Initially as indicated by Box 24, the energy functions shown in FIGS. 1-4 are calculated for the starting molecular structure to obtain the structure's steric energy. Since there are no other previously obtained steric energies for comparison, it cannot be known whether the calculated steric energy is a minimum or not. In such a case, decision Box 26 indicates that no energy minima has been found, and the method continues by calculating the derivatives of each energy function with respect to displacement of the atoms in the X, Y and Z directions (as shown at Box 28). The derivative of energy with respect to displacement provides X, Y and Z component forces on each atom. The program then vector sums all such forces on each atom as shown at Box 30. The vector sum indicates the direction of the net force acting on each atom and the program (as shown at Box 32) then increments the atoms' coordinates in that direction by a preset amount. Once each of the atoms is moved, the program repeats by calculating the energy functions and net steric energy for the new structure. This procedure continues with each new molecular structure having its steric energy calculated and compared with previously stored steric energies for previously derived structures. A minimum is detected when the steric energy for a new structure is found to be higher than that obtained for previous structures, in which case the optimization process ceases.
It should be noted, that the optimization portion of this method is not, per se, novel and has been configured in previously available programs for molecular steric energy minimization, e.g. MM2 by Allinger. Any other suitable optimization algorithm may also be used.
Returning now to FIG. 5, the program proceeds as shown at Box 32, to calculate all distances between atoms for the molecular structure found in the optimization process to exhibit a steric energy minima. Since each atom's position is defined by three coordinates (i.e., X, Y and Z), simple geometry is used to determine those distances. Boxes 34 and 36 indicate that the program then selects only certain interatomic distances which fall between predetermined limits and stores them in a "molecular description file". In parallel, as shown by Box 38, all of the atomic coordinates and bonds for the optimized molecular structure are also stored.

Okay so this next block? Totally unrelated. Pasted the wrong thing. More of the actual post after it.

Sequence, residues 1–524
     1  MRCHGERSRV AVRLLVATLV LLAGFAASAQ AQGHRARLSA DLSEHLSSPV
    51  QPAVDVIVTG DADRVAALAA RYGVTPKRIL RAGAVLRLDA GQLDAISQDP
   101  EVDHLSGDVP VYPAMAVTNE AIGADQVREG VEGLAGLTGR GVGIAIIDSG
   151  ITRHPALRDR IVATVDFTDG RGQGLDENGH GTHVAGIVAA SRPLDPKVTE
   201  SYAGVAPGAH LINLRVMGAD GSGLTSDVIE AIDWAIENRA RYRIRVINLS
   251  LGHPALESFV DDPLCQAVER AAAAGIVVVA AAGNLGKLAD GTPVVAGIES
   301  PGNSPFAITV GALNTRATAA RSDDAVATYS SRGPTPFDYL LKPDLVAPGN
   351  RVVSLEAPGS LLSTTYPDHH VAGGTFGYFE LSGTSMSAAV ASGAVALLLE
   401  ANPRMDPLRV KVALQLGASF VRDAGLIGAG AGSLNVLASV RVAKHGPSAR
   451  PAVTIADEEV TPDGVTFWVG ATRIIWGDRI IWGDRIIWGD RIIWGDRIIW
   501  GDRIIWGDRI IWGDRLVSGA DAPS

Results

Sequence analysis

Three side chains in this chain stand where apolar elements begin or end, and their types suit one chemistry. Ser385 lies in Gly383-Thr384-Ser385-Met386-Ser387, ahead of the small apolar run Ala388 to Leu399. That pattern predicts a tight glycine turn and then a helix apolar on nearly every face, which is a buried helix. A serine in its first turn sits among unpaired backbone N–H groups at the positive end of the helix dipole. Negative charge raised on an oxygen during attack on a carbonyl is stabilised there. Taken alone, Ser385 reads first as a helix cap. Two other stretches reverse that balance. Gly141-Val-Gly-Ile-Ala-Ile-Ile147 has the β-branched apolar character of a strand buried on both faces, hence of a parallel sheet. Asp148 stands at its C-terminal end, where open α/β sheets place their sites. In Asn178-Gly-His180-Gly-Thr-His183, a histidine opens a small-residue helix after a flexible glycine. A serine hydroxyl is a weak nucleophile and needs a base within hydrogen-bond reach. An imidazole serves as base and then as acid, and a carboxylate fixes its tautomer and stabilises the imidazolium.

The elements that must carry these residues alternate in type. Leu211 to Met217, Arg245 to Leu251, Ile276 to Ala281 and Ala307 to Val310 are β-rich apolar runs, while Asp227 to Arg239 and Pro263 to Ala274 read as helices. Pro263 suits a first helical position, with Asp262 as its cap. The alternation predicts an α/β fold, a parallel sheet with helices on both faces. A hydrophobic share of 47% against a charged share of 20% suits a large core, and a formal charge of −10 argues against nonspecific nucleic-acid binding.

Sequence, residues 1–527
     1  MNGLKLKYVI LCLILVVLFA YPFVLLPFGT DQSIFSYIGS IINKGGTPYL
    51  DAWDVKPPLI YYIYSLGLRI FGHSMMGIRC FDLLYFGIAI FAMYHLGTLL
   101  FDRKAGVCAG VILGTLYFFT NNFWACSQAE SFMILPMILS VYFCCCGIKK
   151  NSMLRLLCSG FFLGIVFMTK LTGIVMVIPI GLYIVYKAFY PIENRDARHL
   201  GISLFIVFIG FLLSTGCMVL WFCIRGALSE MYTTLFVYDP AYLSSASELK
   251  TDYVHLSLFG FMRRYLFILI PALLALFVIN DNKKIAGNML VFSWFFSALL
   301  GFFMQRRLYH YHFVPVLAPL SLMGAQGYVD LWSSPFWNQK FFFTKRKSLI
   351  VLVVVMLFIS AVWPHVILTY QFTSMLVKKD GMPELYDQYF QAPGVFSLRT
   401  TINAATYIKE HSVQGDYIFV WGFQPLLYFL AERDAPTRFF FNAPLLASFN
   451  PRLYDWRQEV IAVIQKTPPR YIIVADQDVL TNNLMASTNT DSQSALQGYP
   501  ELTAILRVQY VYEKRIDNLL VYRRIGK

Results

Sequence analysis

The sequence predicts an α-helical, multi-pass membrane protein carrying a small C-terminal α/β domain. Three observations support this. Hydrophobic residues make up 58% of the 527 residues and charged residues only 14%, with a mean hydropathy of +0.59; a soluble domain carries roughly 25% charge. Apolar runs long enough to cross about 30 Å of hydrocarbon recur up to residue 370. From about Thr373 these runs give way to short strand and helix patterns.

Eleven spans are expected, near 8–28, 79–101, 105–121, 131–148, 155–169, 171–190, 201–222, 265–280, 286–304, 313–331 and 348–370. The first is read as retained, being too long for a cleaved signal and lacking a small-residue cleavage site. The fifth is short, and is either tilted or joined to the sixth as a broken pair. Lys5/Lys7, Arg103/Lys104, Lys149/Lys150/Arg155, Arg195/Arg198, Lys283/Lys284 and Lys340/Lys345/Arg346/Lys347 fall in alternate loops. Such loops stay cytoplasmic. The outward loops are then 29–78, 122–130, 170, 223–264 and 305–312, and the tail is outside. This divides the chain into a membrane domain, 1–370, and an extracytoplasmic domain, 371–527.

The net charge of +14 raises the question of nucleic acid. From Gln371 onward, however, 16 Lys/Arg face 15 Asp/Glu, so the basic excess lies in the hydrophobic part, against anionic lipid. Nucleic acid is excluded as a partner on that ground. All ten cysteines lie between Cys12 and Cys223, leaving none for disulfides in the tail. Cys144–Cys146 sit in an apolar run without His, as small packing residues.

The reason for storing the molecular descriptions is to be able to readily compare subsequently found molecular structures with ones already found independent of how or whether they have been rotated, or otherwise translated from previously found molecular structures. By retaining only interatomic distances which fall between preset limits and then comparing those with the same distances subsequently found for newly calculated molecular structures, the comparison problem is greatly reduced. In most instances, interatomic distances between four angstroms and ten angstroms have been found to be useful for subsequent comparisons. The shorter interatomic distances, i.e. less than four angstroms, are generally bonding distances or distances between non-bonded triatomic atoms and do not change much with conformational changes. The maximum distance cutoff is used to limit the size of the data base since, with a large molecule, the number of longer distances can become very large.
To summarize, subsequent to the initialization process, an optimized molecular structure has been found; certain distances between its atoms have been calculated and stored in a molecular description file for subsequent comparison to newly found optimized molecular structures; and the complete description of the molecular optimized structure has been stored.
Referring now to FIG. 7, the "kick" process will be described. As shown at Box 40, the X, Y and Z coordinates previously stored (see Box 38--FIG. 5) for the atoms in the optimized molecule are accessed. A random number generator then provides three random values between -L and +L where L=the maximum radial distance an atom is to a be moved (see Box 42). Subsequently, the radial distance √ΔX2 +ΔY2 +ΔZ2 is calculated as shown in Box 46 to determine if the distance to the new coordinate exceeds the predetermined limit L. If the radial distance does exceed that limit, (see decision Box 48), the random values X, Y and Z are discarded (Box 50) and a new set of random numbers are generated and tested. If however the calculated radial distance is found to be within the prescribed limit, each X, Y and Z coordinate for a chosen atom is then incremented by a random value ΔX, ΔY, & ΔZ so that its new coordinates are X+ΔX, Y+ΔY, and Z+ΔZ (Box 44). The program continues and repeats the process for all atoms of the structure (decision Box 52).